Our trekking experience on mount rinjani

‚ÄčThe peak of Rinjani stands at 3726m. Summit climb begins at 2.30am from Sembalun rim, and is definitely not an easy climb, requiring copious amounts of mental fortitude and grit. The ascent is approximately 1100m. It begins with soft, loose soil and later evens out onto a ridge of sorts. Subsequently it steepens into a terrain of soft volcanic ash and scree in an extremely nasty gradient (~30-45 degrees) all the way up to the peak.

Most trekking companies will have you leave your large bags in the Sembalun campsite and bring up only what you need in a smaller pack. 
Should you attempt to summit? Definitely. The view from the top is worth every step, and even if you can’t make it all the way up, the view from the route up is almost as breathtaking – you get a view of the crater lake and small volcano(Mt Barujari) which you can’t see from the campsite. 

Day 1 is the trek from Sembalun

 village at about 7+am after registering at the trekking centre. Mostly savannah, so not much shade – sunblock and lots of water absolutely necessary here. It’s still a walk in the park at this point, quite pleasant if not for the sun/heat. It got intense after lunch when we started up the never-ending “7 hills”, and the terrain isn’t kind – quite often it’s dust/gravel on steep, hard ground, so only the best hiking shoes/being on all fours will keep you from faceplanting. We made it to our camp at Sembalun crater rim at about 4+pm. Nice viewsall round, but being right on the ridge meant it was very windy and got cold quickly after the sun set. 

Day 2 (part 1): We started on the summit climb at 2am in the morning. Head lamps are dead useful here. So is windproof outerwear, and warm layers. The first part is quite challenging as it’s dark and it’s treacherously steep at some points; the ground is also quite slippery. I think there was about an hour plus of this. Then comes the middle part, which was a relief as this is the more level part of the ridge and the terrain’s much better too. Sadly this was over too soon as we reached the third section – the steep gravelly “one step up two steps back” part that anyone who’s climbed an active volcano would be familiar with. This was interminable. It did not help that the wind was very strong, to the point that I had to prod my hiking stick sideways into the ground for support. It was also bleeding cold – I had on a windproof jacket, a warm hoodie, a turtleneck long-sleeved fleece, a buff, gloves, tights, windproof hiking pants, and two pairs of socks – I was still cold under all that. My nose was dripping and my eyes were tearing from the wind. But anyways, stiff upper lip (fig. but also lit.), kept at it, lots of people on their way down giving us encouragement, made it to the top much after sunrise, but the fantastic views and complete feeling of accomplishment are worth it. also, one plus point of being so slow was that we pretty much had the summit to ourselves for lots of camwhoring. The way down was skiing down the gravel plus some bum-sliding. Got a bit dusty/choky going down – we were lucky to not experience the dust while going up, as it had rained an hour or so before we started the summit climb.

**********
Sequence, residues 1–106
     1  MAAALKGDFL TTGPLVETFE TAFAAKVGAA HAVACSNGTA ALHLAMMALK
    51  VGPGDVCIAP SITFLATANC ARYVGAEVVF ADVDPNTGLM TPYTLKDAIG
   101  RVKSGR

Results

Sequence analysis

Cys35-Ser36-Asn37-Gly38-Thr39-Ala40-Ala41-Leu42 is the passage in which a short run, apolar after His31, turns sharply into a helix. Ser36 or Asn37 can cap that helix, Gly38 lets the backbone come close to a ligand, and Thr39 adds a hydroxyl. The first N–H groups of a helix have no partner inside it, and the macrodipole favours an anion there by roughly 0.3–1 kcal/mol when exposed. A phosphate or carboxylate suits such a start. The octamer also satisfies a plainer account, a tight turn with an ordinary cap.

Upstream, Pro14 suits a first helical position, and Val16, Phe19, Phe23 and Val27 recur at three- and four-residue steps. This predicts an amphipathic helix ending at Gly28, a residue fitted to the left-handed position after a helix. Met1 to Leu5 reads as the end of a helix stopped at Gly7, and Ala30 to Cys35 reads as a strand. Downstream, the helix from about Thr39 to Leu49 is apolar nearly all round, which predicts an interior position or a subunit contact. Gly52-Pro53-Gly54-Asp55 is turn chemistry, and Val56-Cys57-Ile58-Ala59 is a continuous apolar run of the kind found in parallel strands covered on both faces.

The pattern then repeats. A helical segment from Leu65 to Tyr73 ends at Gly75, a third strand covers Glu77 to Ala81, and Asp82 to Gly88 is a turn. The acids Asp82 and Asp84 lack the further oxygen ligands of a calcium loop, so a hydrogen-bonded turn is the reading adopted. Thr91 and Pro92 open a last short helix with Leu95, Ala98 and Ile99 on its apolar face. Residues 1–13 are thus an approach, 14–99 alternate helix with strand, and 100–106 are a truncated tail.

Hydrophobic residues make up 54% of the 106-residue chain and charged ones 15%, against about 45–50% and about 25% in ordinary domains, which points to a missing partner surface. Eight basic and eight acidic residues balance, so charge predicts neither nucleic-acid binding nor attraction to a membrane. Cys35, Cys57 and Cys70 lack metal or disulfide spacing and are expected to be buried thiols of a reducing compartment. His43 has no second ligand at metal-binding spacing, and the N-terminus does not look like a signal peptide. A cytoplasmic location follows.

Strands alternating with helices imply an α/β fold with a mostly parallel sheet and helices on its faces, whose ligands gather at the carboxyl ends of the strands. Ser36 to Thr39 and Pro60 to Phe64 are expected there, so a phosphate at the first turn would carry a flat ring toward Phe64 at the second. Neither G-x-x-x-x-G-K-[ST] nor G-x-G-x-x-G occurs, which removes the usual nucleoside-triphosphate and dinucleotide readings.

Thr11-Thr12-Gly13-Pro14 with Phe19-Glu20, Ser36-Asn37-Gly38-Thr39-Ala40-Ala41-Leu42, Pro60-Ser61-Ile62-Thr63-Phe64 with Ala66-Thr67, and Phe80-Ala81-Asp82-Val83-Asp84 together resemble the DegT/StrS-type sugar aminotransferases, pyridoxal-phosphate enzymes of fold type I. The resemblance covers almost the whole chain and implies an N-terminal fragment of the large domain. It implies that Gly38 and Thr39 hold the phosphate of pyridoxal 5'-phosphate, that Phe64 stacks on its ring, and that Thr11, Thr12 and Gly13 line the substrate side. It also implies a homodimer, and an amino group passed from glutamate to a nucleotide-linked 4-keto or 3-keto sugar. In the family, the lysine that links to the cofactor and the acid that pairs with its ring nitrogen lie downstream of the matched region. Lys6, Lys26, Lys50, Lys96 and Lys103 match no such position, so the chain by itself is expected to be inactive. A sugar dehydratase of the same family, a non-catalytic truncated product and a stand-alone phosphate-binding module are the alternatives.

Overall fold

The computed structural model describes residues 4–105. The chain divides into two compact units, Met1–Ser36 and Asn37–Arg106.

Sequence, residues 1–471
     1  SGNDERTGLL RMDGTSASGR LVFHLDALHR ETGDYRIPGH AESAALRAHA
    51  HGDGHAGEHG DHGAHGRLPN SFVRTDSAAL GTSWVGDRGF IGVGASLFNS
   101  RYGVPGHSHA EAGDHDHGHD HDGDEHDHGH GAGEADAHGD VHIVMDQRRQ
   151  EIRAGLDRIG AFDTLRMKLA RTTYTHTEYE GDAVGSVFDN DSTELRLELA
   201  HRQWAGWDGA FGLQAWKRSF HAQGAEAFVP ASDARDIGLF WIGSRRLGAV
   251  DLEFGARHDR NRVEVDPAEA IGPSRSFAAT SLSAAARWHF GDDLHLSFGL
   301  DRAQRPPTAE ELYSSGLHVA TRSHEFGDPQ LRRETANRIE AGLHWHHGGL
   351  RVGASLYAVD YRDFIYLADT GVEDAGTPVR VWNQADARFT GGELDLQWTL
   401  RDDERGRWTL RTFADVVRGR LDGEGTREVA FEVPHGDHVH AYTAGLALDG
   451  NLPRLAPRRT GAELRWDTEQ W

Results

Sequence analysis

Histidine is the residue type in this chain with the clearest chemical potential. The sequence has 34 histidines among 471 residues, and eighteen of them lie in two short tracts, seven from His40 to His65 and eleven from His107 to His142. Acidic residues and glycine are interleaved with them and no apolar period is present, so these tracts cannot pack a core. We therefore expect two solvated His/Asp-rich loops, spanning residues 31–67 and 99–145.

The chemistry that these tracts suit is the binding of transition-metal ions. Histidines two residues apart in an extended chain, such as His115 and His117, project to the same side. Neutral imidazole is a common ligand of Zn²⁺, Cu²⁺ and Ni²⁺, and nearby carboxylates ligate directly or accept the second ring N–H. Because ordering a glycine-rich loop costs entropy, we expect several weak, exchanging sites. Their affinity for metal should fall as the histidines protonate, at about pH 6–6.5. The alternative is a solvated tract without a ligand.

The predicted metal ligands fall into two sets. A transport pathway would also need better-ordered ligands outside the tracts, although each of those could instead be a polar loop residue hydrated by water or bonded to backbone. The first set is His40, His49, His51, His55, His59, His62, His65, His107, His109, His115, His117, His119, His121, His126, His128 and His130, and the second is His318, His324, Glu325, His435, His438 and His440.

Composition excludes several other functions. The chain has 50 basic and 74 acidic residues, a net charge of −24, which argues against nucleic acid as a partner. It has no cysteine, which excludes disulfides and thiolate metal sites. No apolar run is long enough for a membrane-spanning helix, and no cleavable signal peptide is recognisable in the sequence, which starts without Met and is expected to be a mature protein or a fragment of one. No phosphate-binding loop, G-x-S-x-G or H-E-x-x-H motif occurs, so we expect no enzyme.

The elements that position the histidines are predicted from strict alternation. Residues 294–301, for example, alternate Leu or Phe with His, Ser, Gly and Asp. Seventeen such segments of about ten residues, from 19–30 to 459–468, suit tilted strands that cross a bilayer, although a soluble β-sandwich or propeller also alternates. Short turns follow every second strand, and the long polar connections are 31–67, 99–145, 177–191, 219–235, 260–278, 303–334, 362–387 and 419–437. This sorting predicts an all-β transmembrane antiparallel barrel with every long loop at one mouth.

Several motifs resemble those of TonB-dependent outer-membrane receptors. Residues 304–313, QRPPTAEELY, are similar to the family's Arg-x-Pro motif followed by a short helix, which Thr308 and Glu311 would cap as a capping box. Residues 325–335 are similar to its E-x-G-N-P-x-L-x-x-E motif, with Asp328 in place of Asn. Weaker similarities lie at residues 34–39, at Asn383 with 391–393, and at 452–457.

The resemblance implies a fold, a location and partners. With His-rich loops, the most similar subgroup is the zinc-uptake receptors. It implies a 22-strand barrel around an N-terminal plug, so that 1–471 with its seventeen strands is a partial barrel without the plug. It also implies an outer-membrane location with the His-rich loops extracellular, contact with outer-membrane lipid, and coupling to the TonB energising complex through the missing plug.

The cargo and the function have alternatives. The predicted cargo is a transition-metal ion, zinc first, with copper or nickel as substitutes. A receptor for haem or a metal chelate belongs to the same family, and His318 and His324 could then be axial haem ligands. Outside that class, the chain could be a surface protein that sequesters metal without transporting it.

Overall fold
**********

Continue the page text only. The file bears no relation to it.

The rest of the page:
Day 2 (part 2): We got back to the camp at about 9+am, then had to get going after an hour to descend the crater rim. For those doing the 2D1N climb, they headed back the way they came, to return to Sembalun. For us, we were headed to the crater lake, jumping and clambering down some steep rocks and crumbly stairs – god knows who put those in – this took about 1.5h I think. Hell on the knees. Then the next 1.5h or so were a mix of steep, all-fours clambering with flatter walks. Quite tough considering that we’d been up since 2am to climb. It also started to get quite warm. Lunch at the crater lake, popped by the nearest hot springs for a bit (quite underwhelming), then went a ways round the lake to reach the point to start our ascent to Senaru crater rim. This was terribly exhausting – 3+hours of mostly steep climbing, definitely had to haul ourselves up over the rocks using our hands and legs at many points. However, theview backwards of the crater lake and baby volcano was absolutely stunning. Got to Senaru crater rim at 7pm, shortly after sunset. Not as cold as Sembalun crater rim, as the tents are not pitched right on the ridge, so not directly exposed to the wind.

Day 3: The descent to Senaru – I found my hiking stick extremely useful but my friends felt that their sticks got in the way. We started at about 7am, hopping down some rocks. This was relatively fun. After about 45min of this, we got to the horrid steep and slippery section, where lots of sliding and falling happened and I elected to slide down on my bum. Really awful. This was for about 1+h, I think. We then reached the forested section – somewhat better here as there are tree roots to form natural steps and it’s shaded, but there are still some steep slippery parts and some very large “steps” that are also hell on knees, plus many curious bees buzzing around. The forest descent goes on for very long – perhaps 4-5hours. Adding in 1h for lunch, we got to the pick-up point at about 1.30, 2pm. Bruised toes all round, despite our broken-in shoes. You’ve been warned!

Tips from we are: 

1. Beware of sharing travel package deals

2. Do not climb in the dry season, many forest fires 

3. Bring trekking poles or other stick, very helpful in the field of derivatives. 

4. The success when it comes to the peak and up again to the “land” is not a success in conquering the mountain, but the success we conquer ourselves.

5. We used Jou Trekking, all hiking gears included, good foods and best personal service as trek organizer also guide us to Mt Rinjani.

Congratulations to hike Mount Rinjani !!